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Sure, The Audi Ad Was Sweet, But Very Few Women Actually Work There

Pay equality doesn't mean much when there aren't many women around.

07/02/2017 8:26 AM AEDT | Updated 07/02/2017 8:59 AM AEDT

Audi is getting lots of credit for running a Super Bowl ad endorsing equal pay for women. It’s a great message well worth spreading, considering that women still make just 80 cents for every dollar earned by men.

The hiccup is that Audi doesn’t seem to employ very many women.

Just 22 percent of the automaker’s U.S. employees are female, the company told The Huffington Post in an email. At higher levels, the numbers are worse: Just 12 percent of senior management is female. There are only two women on its 14-person U.S. executive team. And the company’s global management board consists entirely of men:

audicom
These are the men of Audi AG's management board.

In the Super Bowl ad, a father watches his young daughter compete in a go-kart race and wonders if or how he should explain to her that women are still paid less than men. At the end of the spot, this text appears: “Audi of America is committed to equal pay for equal work. Progress is for everyone.”

The contradiction here is an important reminder that equal pay is just one component of gender equality at work. If you pay women equally ― as Audi assured HuffPost that it does ― but only employ a handful of them, the idea of “equality” loses some of its potency.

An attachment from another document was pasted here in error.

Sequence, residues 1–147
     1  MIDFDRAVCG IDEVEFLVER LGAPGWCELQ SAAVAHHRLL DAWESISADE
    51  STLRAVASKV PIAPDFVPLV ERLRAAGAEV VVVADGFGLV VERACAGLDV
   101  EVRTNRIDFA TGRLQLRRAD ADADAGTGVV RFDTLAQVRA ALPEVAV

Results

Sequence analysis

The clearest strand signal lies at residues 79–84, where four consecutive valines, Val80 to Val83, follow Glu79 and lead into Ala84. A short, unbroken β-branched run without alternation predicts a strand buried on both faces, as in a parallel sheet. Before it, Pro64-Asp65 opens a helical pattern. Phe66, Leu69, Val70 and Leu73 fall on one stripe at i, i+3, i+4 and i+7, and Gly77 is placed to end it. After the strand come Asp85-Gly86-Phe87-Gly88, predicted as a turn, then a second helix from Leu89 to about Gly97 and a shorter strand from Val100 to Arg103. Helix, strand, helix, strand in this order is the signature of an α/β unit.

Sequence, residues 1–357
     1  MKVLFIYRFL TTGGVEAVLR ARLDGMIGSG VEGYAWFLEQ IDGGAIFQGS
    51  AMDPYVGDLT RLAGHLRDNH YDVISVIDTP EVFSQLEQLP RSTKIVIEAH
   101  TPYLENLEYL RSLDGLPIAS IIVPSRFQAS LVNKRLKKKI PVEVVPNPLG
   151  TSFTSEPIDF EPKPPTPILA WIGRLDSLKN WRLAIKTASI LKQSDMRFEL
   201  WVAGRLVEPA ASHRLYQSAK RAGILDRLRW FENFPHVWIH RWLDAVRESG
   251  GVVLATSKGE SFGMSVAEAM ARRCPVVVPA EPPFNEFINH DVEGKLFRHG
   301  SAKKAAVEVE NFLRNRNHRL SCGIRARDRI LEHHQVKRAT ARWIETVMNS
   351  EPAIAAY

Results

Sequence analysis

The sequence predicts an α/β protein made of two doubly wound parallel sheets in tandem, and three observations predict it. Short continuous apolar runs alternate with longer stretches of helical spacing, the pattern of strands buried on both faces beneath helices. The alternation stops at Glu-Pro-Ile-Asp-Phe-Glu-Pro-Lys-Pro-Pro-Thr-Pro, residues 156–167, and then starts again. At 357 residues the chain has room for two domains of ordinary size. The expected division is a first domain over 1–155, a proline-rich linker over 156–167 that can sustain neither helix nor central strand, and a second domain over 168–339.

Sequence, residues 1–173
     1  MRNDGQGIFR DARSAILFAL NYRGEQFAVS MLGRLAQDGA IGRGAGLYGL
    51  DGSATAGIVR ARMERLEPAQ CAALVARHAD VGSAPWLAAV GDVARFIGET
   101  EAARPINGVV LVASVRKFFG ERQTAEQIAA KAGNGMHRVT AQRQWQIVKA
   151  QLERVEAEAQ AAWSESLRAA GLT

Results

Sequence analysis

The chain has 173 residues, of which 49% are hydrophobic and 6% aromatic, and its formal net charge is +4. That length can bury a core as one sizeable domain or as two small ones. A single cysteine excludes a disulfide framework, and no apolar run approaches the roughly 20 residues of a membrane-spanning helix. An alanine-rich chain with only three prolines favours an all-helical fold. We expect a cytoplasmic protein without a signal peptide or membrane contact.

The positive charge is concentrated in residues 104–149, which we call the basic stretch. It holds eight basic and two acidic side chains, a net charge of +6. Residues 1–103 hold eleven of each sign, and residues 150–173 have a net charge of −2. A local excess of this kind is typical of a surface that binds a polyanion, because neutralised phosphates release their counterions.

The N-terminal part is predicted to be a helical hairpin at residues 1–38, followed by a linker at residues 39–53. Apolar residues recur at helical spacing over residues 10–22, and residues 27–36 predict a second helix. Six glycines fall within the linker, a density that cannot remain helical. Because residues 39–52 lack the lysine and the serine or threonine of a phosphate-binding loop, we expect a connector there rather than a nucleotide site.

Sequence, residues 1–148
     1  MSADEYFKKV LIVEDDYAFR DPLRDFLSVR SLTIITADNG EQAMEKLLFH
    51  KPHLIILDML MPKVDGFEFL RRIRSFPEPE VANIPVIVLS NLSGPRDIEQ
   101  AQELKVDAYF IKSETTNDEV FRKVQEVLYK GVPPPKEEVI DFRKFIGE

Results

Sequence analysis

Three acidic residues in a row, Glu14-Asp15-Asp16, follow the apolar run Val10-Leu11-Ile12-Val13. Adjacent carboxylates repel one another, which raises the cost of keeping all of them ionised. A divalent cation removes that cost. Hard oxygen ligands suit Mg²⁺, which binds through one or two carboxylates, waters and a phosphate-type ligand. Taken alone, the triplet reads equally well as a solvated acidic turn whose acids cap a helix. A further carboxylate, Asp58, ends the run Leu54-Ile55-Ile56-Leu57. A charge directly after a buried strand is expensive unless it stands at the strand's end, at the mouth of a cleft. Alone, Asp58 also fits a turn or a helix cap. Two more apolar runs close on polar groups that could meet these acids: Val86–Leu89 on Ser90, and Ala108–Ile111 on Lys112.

Further, if you pay women at lower levels the same as men, but don’t promote them to the top jobs that earn the most, that “equality” is missing something, too. 

Audi told HuffPost it’s working hard to hire more women. “The company has pledged to put aggressive hiring and development strategies in place to increase the number of women in their workforce, at all levels, and will work aggressively towards that goal,” Audi said in a statement.

The automaker also said it recently started an internship program in which half of the interns must be female, and it touted its support of third-party programs meant to foster leadership.

It’s doubtful any of that is going to move the needle for the company. HuffPost asked for more details on Audi’s plan, but the company didn’t provide them. Bringing in more women at the lowest rungs is helpful ― and also the easiest part of any corporate effort ― but the key for Audi will be to figure out ways to retain and promote women once they land at the company.

A huge roadblock on the path to equality is that women are more likely than men to step off career paths early on ― to care for children typically. Women dropping out of the workforce is a key piece of the pay gap.

It’s unclear what Audi is doing about that. 

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